Advertisement

Epimorphisms and Cowellpoweredness

  • D. Dikranjan
  • W. Tholen
Chapter
Part of the Mathematics and Its Applications book series (MAIA, volume 346)

Abstract

Characterizing the epimorphisms of a concrete category and settling the question whether the category is cowellpowered can be a challenging problem and has been the theme of many research papers (see the Notes at the end of this chapter). In many cases, closure operators offer themselves as a natural tool to tackle the problem. We concentrate here on results for those categories of topology and algebra where this approach proves to be successful. These include criteria for epimorphisms in subcategories of modules and fields, recent or new results on cowellpowered and non-cowellpowered subcategories of topological spaces, and a rather direct proof of Uspenskij’s recent discovery of a non-dense epimorphism in the category of Hausdorff topological groups.

Keywords

Closure Operator Full Subcategory Forgetful Functor Accessible Category Presentable Category 
These keywords were added by machine and not by the authors. This process is experimental and the keywords may be updated as the learning algorithm improves.

Preview

Unable to display preview. Download preview PDF.

Unable to display preview. Download preview PDF.

Notes

  1. The surjectivity of epimorphisms in Top 1 was noted by Burgess [1965] who also described the epimorphisms in Haus, while Baron [1968] characterized the epimorphisms in Top 0.Google Scholar
  2. The closure operators ipro𝒫 and iesp𝒫 were defined in Dikranjan and Giuli [1987], while esp𝒫 appears in Dikranjan and Giuli [1986] and in Giuli and Hušek [1986], in two particular cases.Google Scholar
  3. The axioms S(n) were introduced by Viglino [1969], and the axioms S(α), for infinite ordinals α, by Porter and Votaw [1973], while S n appears in Arens [1978]. The axioms S(η) and S[η], depending on an arbitrary order type η(with S(η) = S[η] = S(α) when η = α is an ordinal) were introduced by Dikranjan and Watson [1994].Google Scholar
  4. The first example of a non-cowellpowered subcategory of Top (see Example 8.2(2)) was given by Herrlich [1975]. Schröder [1983] proved that Ury and S n, n > 1, are not cowellpowered. Giuli and Hušek [1986] established non-cowellpoweredness of Haus(compact spaces). This was extended to the smaller subcategory Haus(e-compact spaces) by Giuli and Simon [1990]; the proof of Theorem 8.6 follows essentially the proof given there. Tozzi [1986] proved that the category SUS is cowellpowered. Non-cowellpoweredness of Haus(compact Hausdorff spaces), as well as cowellpoweredness of certain subcategories of Top (see Example 8.5), was established in Dikranjan and Giuli [1986]. Cowellpoweredness of S(n) and of sUry was shown by Dikranjan, Giuli and Tholen [1989]. The proof of Theorem 8.6*, isolated essentially from Dikranjan and Watson [1994], is substantially simpler than all its predecessors given for Ury and S(n). Cowellpoweredness of S[η] can be characterized in terms of properties of the order type η (see Dikranjan and Watson [1994] and Exercise 8.M). The epimorphisms in QUnif 0 were described by Holgate [1992], while Theorem and Corollary 8.7 come from Dikranjan and Künzi [1995]. The proof of Theorem 8.8 is taken from Uspenskij [1994], where a compact connected manifold without boundary (either finite-dimensional or a Hilbert cube manifold) is considered instead of A.Google Scholar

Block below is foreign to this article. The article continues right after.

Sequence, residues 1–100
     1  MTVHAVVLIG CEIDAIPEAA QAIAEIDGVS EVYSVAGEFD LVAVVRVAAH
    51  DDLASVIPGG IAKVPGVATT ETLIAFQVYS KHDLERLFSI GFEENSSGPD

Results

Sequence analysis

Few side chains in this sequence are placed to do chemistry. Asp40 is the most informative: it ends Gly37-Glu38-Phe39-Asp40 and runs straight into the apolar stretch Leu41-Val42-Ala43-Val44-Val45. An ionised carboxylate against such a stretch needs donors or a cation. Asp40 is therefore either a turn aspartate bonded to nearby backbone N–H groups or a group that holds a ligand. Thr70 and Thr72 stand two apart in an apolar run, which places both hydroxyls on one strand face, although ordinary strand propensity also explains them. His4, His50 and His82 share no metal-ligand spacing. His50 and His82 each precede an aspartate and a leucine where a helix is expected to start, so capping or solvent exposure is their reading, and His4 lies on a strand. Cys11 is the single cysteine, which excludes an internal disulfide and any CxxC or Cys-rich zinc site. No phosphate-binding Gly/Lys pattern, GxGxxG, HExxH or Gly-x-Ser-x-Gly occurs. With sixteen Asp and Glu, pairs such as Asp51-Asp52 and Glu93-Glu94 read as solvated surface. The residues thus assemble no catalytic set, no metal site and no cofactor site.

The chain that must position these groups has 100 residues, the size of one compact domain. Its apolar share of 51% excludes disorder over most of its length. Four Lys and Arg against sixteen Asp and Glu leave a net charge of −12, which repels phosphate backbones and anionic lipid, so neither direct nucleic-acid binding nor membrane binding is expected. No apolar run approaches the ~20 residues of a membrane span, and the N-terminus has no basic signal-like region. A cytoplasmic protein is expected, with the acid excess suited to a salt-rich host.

5. The description of the epimorphisms of Fld belongs to general categorical knowledge but seems hard to track down in the literature. Theorem 8.9 appears to be new, and so do the assertions of Exercises 8.W, X, Y.Google Scholar

Copyright information

© Springer Science+Business Media Dordrecht 1995

Authors and Affiliations

  • D. Dikranjan
    • 1
  • W. Tholen
    • 2
  1. 1.Department of MathematicsUniversity of UdineUdineItaly
  2. 2.Department of Mathematics and StatisticsYork UniversityNorth YorkCanada

Personalised recommendations